Midway through the election campaign in Telangana, Chief Minister K Chandrasekhar Rao of the Telangana Rashtra Samiti (TRS) changed his narrative. KCR made it seem to the electorate that it needed to choose between him -a son of the soil – and Chandrababu Naidu, who would end up ruling Telangana by remote control from Amaravati. The ploy worked. On December 11, when the results came in, KCR's party had an overwhelming majority in the Telangana assembly with 88 MLAs and Naidu's Telugu Desam Party was reduced to just two.
Naidu seems to have decided to borrow this weapon from KCR's armoury. Nothing else explains his decision to go for the jugular by pitching the 2019 battle in Andhra Pradesh as one between him and Narendra Modi. His first move was to ask the people of Andhra Pradesh to boycott the Prime Minister on January 6, when he visits the state to address a BJP public meeting, most likely in Guntur.
Chandrababu Naidu is playing on dual turf, linking Andhra's fortunes to what happens nationally.
"The best way to express our resentment and teach Modi a befitting lesson is to boycott his visit,'' says Naidu.
It is easy to understand Naidu's plan. Just like KCR made Naidu the villain of the piece by pointing to letters written reportedly to the Centre to stall Telangana's irrigation projects, the TDP chief wants all the blame for Andhra's problems since its bifurcation in 2014 to be laid at PM Modi's door. The argument is that but for PM Modi, Andhra would have prospered. Conversely, if Andhra has still managed well on several indices, it is all because of Naidu's quality of governance. Heads I win, tails you lose.
KCR's party had an overwhelming majority in the Telangana assembly with 88 MLAs.
The question is whether the people of Andhra Pradesh will buy into Naidu's script. Four and a half years ago, Andhra Pradesh invested in Naidu because it felt an administrator of his experience would be needed to steer the residuary state. The fact that he had sewn an alliance with the ruling BJP, it was felt, would translate to generous funds from New Delhi. The marriage has gone sour and now Naidu is going to the people with the message that he trusted the wrong person and that the Congress – the original villain of the Andhra story, having divided the state – is a better partner.
It is a high-risk strategy. Naidu is aware that in the last one year, Jaganmohan Reddy has hit the ground running with his padyatra from Kadapa to Srikakulam. Being among the people in flesh and blood and walking the extra mile has traditionally worked in Indian politics and Naidu is not blind to this. His mission is to convince people that Jagan Mohan Reddy is the BJP's proxy in Andhra. This way, he hopes, voter resentment against the BJP will work against the YSR Congress on polling day. The calculation is that just like KCR successfully used the Telangana sentiment card against Naidu and the opposition alliance in the state elections, Naidu can use the Andhra self-respect card, implying only he can get justice for the state.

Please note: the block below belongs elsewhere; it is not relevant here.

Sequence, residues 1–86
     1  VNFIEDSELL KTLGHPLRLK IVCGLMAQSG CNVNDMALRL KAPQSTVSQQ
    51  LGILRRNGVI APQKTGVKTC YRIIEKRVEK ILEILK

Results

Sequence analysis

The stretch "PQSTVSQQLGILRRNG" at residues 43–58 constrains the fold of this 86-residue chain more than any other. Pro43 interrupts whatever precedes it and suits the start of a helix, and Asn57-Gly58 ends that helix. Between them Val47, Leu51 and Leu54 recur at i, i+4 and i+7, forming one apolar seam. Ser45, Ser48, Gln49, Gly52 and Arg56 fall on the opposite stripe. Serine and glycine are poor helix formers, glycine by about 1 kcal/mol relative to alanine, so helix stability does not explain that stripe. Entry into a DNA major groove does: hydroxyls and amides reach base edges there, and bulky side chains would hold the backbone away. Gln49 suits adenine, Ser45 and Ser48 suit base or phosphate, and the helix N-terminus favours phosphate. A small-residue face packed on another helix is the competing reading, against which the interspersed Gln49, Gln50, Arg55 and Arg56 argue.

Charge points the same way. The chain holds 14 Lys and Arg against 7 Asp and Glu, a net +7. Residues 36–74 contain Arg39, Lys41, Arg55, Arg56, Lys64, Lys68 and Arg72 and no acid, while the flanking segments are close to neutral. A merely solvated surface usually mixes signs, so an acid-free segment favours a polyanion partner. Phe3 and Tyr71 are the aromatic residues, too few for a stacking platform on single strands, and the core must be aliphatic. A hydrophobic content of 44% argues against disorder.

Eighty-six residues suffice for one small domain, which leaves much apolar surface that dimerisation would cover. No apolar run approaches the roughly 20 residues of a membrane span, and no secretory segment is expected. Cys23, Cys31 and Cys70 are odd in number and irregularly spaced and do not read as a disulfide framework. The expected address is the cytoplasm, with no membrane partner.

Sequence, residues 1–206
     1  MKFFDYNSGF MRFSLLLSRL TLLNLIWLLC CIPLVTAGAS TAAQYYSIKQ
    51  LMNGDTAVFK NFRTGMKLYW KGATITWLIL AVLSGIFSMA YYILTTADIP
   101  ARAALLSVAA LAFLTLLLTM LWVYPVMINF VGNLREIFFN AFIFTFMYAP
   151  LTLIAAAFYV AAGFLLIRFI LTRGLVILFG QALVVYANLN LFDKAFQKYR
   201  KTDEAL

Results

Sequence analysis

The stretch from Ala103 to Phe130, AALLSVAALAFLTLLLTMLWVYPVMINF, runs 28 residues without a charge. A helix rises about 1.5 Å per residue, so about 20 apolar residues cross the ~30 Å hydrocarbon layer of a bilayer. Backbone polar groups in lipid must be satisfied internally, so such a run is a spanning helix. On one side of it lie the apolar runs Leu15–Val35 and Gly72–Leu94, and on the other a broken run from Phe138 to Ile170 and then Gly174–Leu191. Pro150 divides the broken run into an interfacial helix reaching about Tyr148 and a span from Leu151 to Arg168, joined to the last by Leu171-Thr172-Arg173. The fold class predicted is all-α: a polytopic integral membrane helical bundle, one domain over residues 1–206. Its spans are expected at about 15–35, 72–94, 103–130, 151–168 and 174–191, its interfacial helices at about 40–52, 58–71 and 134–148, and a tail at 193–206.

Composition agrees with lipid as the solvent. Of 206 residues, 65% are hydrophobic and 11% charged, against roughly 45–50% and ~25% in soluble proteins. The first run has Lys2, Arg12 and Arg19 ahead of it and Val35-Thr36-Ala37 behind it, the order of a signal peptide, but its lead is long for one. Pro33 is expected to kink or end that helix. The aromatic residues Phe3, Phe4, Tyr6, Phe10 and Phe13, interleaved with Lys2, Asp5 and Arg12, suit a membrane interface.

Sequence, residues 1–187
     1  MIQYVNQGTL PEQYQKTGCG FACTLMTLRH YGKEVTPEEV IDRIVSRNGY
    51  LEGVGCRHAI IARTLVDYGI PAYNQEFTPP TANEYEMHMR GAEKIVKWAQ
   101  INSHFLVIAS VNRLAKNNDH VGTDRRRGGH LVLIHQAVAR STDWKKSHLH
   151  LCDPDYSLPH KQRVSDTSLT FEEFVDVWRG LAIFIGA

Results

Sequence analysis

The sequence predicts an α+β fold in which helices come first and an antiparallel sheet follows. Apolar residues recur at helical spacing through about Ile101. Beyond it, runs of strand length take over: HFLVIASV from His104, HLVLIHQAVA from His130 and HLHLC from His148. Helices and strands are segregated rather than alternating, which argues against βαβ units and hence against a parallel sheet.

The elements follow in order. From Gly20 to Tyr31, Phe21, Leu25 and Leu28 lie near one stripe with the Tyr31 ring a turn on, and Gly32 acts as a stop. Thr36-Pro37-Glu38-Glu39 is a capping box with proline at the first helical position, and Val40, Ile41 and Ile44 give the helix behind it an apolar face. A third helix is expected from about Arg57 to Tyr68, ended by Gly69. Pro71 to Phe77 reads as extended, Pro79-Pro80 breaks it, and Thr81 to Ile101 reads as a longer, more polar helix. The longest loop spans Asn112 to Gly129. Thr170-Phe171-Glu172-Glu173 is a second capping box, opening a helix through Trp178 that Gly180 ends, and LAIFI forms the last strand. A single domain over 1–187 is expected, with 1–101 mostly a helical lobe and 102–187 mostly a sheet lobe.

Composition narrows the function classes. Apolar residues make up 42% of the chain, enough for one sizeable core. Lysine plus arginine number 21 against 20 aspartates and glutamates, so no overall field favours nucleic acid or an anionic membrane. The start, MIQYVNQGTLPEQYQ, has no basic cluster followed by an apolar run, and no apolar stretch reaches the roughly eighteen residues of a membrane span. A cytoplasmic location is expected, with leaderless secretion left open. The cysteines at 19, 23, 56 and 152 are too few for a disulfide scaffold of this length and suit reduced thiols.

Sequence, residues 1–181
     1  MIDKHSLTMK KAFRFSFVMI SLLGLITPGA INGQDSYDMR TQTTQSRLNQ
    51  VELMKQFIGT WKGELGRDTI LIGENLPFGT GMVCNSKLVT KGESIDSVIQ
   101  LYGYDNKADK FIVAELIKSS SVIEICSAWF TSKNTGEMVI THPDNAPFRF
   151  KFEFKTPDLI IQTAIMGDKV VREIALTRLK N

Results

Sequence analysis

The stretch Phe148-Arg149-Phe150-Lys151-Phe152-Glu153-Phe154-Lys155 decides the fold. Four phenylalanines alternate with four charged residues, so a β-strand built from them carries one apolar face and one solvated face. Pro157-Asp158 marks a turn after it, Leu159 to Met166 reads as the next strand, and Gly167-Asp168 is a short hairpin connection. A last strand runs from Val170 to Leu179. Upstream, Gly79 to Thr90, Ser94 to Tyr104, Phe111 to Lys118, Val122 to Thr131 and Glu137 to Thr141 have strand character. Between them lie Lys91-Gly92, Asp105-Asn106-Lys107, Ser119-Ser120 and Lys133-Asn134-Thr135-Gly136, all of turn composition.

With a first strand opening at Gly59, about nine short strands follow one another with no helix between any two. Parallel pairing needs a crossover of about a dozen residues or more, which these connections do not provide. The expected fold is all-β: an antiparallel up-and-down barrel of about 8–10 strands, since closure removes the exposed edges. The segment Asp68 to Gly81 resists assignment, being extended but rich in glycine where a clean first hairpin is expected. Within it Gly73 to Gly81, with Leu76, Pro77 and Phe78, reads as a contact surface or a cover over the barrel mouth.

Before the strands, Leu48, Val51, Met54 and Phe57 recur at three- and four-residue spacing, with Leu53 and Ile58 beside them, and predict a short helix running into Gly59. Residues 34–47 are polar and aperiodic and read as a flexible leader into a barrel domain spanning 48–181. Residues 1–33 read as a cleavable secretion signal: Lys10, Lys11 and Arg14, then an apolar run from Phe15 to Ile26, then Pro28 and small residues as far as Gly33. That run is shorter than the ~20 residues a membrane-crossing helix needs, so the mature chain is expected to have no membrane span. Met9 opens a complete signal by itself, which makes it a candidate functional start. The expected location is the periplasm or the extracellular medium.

Chandrababu Naidu's Telugu Desam Party has decided to pull out of the BJP-led government at the centre
No surprise then that the tone of the anti-Modi diatribe is shrill.
"Is Modi visiting the state to see whether we are dead or alive? Or his visit is intended to rake up the bifurcation wounds,'' Naidu is asking at public meetings.
Naidu's intention is to push Jagan and the other factor in this mix, actor-politician Pawan Kalyan, into committing a stand on PM Modi and the BJP. Their reluctance to do so, the TDP chief hopes, will reinforce his conspiracy theory of a behind-the-scenes deal. Realising Naidu's gameplan, the YSR Congress has kept up its public protests for special status for Andhra by holding demonstrations in Delhi.
In April, PM Modi had to face the embarrassment of being greeted with black balloons and flags during a visit to Chennai. The hashtag #GoBackModi trended on social media that day. The protesters were upset over the delay by the Centre in setting up the Cauvery management board. But for Naidu, who shared power with Modi till March, both in New Delhi and Amaravati, to borrow the Chennai template openly is a pointer to the bitter fallout.
Naidu has perhaps overlooked the possibility that the people of Andhra will not forget he accepted a special package in lieu of special status in 2017, and only changed his tune after Jagan accused him of betraying Andhra's interests. Naidu also supported demonetization and even took credit for the idea within hours of the PM's surprise announcement in November 2016.
Naidu is playing on dual turf, linking Andhra's fortunes to what happens nationally. At the national level, he is hoping for an anti-BJP front taking power so that he can deliver on the promise of special category status to Andhra. He would then hope to sell that dream to the people of Andhra and tell them to give him a second chance, this time with a new team.
(Uma Sudhir is Executive Editor, NDTV)
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